A Real Racer

After making a u-turn i caught up to Michael, not myself, a different Michael (just to clarify, i was not in the midst of one of those self-conversations i have talked about before; all you psycho-analysts out there with dollars in your eyes, those conversations never extend to a second me). As i pulled even, he had to do a double-take and said "for a second there, you looked like a real racer." Hmmm, "real racer". Did he mean someone actually racing the Bud's Ride, rather than someone trailed off the back, or never in it to begin with? 

The idea that the statement might have been a simple greeting between two racer-types never crossed my mind. A moment of joking banter between comrades of the spoked wheel.

Instead, what i heard was the double-entendre version - "for a second there, you looked like a real racer." Rather than the wannabe i seem to have become, in other words. I must have been smooth pedaling, the power rippling from my legs. There must have been a certain air of confidence demonstrated by my position on the bike - elbows bent to 90º, in battle with the surging headwind, back flat, head cocked ever so slightly up, and tilted a degree to the side in order to see beyond the brim of the cap, just enough to see the road ahead, horizon line hidden. Focused on being up the road, and off the front.



If only reality had matched that image. I certainly did not feel i was riding much like a racer at the time. Running on fumes, legs on the verge of surrender. Form, a hazy memory from a week earlier, not quite sloppy, but certainly at that end of the spectrum. The smoke and mirror, was good enough, though. If you can't play the part, you can at least look it. Decades of riding can teach you to disguise temporary shortfalls, hide behind your poker face, trick others into thinking it is all easy. Like smiling while you climb. Masters of the peloton are not always the strongest, they know when to use other methods of achieving a goal.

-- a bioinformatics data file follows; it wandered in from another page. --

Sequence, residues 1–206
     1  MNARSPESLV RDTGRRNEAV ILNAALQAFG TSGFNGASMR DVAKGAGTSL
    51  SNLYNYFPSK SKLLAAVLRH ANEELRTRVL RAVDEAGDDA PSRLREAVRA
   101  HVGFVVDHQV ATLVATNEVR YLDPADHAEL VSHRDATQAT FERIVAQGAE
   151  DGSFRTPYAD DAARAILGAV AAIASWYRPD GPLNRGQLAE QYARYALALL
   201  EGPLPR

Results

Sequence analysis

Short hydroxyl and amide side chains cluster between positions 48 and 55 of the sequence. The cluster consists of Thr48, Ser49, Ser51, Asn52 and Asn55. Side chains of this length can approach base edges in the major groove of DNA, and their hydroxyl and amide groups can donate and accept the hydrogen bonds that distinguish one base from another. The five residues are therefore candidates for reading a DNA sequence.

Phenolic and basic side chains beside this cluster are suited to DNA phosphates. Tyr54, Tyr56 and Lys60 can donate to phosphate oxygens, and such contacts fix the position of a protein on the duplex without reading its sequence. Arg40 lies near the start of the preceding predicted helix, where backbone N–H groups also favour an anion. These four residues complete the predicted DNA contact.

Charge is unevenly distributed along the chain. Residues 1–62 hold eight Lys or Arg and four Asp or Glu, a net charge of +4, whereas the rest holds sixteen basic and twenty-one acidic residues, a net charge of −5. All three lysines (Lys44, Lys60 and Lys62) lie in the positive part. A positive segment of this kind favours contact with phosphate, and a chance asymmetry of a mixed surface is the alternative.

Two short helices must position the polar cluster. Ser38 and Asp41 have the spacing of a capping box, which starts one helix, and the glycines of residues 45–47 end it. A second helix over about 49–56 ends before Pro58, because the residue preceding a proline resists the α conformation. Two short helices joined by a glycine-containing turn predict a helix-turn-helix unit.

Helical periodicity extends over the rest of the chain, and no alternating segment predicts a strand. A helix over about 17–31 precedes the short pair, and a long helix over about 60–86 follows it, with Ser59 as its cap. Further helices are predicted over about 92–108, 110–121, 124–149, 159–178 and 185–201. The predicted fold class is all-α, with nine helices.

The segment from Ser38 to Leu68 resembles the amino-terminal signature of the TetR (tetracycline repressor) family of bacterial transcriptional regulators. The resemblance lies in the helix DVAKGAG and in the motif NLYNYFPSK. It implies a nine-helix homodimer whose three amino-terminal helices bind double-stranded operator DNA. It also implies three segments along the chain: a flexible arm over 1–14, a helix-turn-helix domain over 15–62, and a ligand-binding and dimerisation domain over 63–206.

It was a statement that could have been mis-construed as a slight by someone less easy going than myself, and for the fact that it was mostly true. There are no races under my wheels this year, i keep waiting for those guys (meaning my competition) to get old and slow. That does not seem to be happening, and so those days of looking like a racer have shrunk to mere moments, or seconds, if Michael is to be believed.

But really, does one ever stop being a racer? Does anyone not consider Eddy Merckx to be anything other than a racer? I doubt it; he will be one until the day he passes on. Once you are in, is there ever any getting out? Well, yes i suppose there is. But that involves complete abandonment, no bike and no riding. Taking up golf instead. It is the reason Super Dave used to be a racer, but is no longer. It is the reason the old guy (wish i could call him by name, but i seem to have forgotten it) from the Montrose Ride, wearing thirty year old shorts which fit like baggies, remained a racer up until his last ride.

There is a quote in Slaying the Badger that struck a nerve when i read it and resonates on-topic here: "I stopped my career very quickly, which gave me the opportunity to not go too far ... to not get into something from which there is no return ... no return."

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